(Roughly) Daily

“Art at its most significant is a Distant Early Warning System that can always be relied on to tell the old culture what is beginning to happen to it”*…


Psychoanalyst and philosopher Slavoj Žižek has become potent public intellectual.  Variously called  “the Borat of philosophy,” “the Elvis of cultural theory,” and “the world’s hippest philosopher,” he’s published more than 50 books, countless articles, and starred in several documentaries. Indeed, there’s already a journal, The International Journal of Žižek Studies, devoted to his works.

As cultural theorists and critics go, Zižek is among the more accessible.  Still, he brings out the impenetrable in his followers; to wit, a typical quote from a book entitled (apparently un-ironically) Žižek: A Guide for the Perplexed: “Žižek finds the place for Lacan in Hegel by seeing the Real as the correlate of the self-division and self-doubling within phenomena.”

Žižek himself is a little more plain-spoken, as readers can see in this Dutch documentary…

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But it is as a film critic– indeed, a film fan– that (R)D invokes the Slavic Savant.  Žižek writes often about movies, and hosted a the three-part documentary series, The Pervert’s Guide to Cinema, directed by Sophie Fiennes (sister of Joseph and Ralph).  The Pervert’s Guide places Zizek in original locations and replica sets of several classic films—David Lynch’s Blue Velvet, Stanley Kubrick’s Eyes Wide Shut, and Hitchcock’s Vertigo, to name just a few.  Zizek’s scenes of commentary are edited with scenes from the films to give the impression that he is speaking from within the films themselves…  To what ends?  Well, readers can see for themselves in this clip on Vertigo:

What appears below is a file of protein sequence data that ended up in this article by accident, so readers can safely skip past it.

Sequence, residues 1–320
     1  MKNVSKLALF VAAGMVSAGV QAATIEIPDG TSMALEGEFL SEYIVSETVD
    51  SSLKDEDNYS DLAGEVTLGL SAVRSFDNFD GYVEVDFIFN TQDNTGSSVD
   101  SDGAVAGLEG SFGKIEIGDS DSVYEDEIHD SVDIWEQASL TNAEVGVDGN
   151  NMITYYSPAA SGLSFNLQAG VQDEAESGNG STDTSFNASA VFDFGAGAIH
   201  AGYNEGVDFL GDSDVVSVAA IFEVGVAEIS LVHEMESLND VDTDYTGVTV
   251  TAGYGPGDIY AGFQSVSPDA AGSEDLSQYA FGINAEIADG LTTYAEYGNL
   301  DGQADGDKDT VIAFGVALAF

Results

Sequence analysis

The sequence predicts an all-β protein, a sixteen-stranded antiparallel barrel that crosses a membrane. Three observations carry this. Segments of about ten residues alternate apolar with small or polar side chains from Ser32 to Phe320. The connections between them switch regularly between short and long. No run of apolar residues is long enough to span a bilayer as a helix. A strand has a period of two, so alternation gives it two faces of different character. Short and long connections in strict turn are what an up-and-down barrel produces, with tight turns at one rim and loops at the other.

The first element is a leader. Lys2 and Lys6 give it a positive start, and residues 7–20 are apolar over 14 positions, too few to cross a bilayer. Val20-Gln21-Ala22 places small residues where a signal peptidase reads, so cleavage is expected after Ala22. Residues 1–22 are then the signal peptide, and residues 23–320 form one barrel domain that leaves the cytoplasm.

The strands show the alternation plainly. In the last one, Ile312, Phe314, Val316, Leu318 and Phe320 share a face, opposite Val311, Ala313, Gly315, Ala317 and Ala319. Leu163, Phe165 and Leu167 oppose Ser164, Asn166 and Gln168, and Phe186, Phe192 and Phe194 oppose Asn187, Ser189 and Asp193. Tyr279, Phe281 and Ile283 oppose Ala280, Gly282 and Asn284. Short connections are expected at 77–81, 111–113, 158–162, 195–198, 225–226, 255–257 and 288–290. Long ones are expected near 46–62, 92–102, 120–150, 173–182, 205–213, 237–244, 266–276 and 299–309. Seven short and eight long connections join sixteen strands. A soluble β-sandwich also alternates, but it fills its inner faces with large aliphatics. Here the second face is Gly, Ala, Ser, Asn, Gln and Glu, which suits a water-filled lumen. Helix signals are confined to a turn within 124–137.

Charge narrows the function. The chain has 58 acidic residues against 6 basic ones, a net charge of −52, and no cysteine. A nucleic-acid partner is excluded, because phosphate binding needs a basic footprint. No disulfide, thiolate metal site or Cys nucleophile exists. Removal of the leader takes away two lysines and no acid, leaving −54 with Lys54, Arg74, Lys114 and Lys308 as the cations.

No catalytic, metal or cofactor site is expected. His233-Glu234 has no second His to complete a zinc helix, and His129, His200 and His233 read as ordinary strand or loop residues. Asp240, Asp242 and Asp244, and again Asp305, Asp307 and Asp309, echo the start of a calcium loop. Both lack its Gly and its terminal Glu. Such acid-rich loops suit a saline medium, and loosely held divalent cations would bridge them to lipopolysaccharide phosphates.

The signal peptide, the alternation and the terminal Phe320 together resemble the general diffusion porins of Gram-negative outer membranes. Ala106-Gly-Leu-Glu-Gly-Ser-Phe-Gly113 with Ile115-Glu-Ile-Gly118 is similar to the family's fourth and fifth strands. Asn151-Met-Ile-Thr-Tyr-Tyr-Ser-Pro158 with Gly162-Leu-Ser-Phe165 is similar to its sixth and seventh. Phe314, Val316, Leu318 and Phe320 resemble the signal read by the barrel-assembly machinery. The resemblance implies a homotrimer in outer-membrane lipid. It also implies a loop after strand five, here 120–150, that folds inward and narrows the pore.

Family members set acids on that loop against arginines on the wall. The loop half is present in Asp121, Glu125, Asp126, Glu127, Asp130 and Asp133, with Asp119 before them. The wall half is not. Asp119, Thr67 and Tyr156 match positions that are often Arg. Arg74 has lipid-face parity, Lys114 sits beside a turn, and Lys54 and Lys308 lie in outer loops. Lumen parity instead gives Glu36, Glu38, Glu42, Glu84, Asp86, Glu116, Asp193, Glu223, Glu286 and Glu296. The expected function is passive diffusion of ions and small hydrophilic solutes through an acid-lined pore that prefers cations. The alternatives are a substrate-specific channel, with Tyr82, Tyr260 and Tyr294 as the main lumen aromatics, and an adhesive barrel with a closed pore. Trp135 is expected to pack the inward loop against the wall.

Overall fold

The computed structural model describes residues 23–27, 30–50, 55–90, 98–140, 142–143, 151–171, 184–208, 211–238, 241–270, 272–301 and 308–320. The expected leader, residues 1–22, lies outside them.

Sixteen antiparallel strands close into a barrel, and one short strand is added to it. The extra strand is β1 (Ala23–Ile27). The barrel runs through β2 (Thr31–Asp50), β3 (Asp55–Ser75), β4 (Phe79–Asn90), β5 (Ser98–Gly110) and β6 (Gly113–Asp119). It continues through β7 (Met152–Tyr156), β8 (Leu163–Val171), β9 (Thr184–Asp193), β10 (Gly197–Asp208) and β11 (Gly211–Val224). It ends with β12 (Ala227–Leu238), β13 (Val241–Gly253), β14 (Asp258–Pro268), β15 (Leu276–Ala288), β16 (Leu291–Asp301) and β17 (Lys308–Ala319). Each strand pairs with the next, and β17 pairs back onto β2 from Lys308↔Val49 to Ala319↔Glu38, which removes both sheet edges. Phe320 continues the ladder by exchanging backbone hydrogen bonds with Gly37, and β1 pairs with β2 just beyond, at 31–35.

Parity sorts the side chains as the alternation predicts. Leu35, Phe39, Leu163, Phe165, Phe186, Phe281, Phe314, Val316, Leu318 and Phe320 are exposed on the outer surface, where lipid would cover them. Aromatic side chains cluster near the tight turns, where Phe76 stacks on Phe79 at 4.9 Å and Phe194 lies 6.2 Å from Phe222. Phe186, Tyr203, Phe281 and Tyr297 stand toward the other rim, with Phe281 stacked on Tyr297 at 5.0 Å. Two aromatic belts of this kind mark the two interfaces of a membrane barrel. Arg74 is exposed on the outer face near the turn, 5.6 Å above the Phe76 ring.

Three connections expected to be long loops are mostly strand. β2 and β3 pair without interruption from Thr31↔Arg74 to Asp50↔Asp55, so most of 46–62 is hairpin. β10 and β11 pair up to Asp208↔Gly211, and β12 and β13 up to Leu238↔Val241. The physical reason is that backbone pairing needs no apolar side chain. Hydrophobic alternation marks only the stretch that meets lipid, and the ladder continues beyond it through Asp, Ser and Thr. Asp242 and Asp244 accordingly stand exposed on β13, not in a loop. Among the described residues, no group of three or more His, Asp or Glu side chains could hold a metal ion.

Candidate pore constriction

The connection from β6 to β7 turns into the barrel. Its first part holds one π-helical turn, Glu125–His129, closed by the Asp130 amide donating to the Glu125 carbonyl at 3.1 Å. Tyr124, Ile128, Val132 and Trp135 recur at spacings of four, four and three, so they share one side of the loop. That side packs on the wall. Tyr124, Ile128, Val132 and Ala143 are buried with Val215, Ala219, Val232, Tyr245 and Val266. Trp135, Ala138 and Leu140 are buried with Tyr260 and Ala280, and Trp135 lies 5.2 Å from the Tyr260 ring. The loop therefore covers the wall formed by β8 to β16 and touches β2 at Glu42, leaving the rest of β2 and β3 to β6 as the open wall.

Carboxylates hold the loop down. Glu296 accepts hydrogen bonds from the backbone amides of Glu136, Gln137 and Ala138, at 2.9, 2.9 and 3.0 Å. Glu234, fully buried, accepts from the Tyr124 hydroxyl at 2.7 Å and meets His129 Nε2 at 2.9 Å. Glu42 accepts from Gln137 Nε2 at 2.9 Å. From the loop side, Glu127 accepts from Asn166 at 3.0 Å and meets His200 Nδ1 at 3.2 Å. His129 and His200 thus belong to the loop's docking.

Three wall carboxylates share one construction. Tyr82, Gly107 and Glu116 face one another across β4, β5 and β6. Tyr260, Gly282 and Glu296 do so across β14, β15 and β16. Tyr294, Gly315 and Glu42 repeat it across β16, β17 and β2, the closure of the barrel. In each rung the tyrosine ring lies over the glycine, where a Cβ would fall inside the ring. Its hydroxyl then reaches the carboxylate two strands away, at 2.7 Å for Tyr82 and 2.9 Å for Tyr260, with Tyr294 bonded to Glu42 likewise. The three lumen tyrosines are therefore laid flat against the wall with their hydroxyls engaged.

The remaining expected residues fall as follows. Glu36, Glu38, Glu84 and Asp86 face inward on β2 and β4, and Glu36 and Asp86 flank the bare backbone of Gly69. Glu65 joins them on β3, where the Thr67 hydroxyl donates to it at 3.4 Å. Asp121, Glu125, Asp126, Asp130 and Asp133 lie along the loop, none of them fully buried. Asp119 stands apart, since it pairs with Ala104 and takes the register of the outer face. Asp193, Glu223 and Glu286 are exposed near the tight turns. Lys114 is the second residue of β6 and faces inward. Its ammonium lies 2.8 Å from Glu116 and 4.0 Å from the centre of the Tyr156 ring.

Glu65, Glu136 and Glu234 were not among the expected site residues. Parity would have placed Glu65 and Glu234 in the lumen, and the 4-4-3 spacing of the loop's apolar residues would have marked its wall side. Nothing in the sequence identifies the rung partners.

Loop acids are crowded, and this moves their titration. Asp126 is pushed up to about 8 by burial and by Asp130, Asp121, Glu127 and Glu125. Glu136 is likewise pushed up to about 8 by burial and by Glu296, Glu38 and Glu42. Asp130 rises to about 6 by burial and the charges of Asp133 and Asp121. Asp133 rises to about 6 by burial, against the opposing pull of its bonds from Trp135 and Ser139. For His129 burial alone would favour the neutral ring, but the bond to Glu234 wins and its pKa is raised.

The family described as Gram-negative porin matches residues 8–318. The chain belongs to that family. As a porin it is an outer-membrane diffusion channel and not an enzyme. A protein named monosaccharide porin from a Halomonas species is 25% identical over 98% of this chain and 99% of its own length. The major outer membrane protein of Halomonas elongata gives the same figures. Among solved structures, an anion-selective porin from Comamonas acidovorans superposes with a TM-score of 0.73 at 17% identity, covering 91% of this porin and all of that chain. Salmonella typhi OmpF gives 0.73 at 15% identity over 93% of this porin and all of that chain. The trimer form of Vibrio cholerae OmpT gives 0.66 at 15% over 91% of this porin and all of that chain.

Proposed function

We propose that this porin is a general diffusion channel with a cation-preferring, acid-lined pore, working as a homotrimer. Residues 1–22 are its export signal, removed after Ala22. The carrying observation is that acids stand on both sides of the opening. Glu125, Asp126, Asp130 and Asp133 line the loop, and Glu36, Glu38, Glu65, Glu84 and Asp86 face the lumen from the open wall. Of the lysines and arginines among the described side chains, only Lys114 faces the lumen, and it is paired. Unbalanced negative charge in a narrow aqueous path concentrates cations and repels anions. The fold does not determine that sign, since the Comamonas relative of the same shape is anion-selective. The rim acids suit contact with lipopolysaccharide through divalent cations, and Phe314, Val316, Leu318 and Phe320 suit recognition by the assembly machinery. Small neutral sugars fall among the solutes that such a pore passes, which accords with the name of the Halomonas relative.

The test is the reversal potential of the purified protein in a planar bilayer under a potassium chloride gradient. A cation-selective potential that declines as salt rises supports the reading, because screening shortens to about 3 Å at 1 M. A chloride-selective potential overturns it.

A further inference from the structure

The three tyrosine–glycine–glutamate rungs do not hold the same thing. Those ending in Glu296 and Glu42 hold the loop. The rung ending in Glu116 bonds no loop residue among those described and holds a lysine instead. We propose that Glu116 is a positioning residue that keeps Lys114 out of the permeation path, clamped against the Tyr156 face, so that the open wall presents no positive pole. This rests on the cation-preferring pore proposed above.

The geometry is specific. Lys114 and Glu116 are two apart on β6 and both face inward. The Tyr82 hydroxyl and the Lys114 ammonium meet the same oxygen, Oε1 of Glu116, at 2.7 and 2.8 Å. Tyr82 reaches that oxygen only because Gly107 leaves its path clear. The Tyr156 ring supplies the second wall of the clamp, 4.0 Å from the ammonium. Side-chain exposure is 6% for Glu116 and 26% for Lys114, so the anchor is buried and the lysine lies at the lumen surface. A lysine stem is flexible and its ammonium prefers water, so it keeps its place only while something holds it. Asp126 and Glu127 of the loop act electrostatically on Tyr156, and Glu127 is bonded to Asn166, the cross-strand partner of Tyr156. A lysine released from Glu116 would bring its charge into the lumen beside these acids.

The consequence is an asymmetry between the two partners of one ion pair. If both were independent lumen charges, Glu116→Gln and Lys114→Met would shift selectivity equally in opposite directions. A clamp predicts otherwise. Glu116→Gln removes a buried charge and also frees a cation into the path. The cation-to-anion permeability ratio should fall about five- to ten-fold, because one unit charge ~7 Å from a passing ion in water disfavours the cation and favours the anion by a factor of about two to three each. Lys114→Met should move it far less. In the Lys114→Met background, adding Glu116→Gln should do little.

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See the whole of Part One here.  And read more about The Pervert’s Guide at Open Culture.

* Marshall McLuhan


As we move closer to the screen, we might spare a thought for Virginia Katherine McMath (whom we knew better by her stage name, Ginger Rogers); she died on this date in 1995.  Rogers worked in vaudeville, then on Broadway, and made over 70 films; but she is surely best remembered for the nine RKO musicals she made with Fred Astaire between 1933 and 1939.  Starting with Flying Down to Rio, and including Top Hat, Swing Time, and Shall We Dance, they revolutionized the Hollywood musical.  Astaire was a grateful fan; in an interview with Raymond Rohauer, curator at the New York Gallery of Modern Art, he said, “Ginger was brilliantly effective. She made everything work for her. Actually she made things very fine for both of us and she deserves most of the credit for our success.”




Written by (Roughly) Daily

April 25, 2013 at 1:01 am

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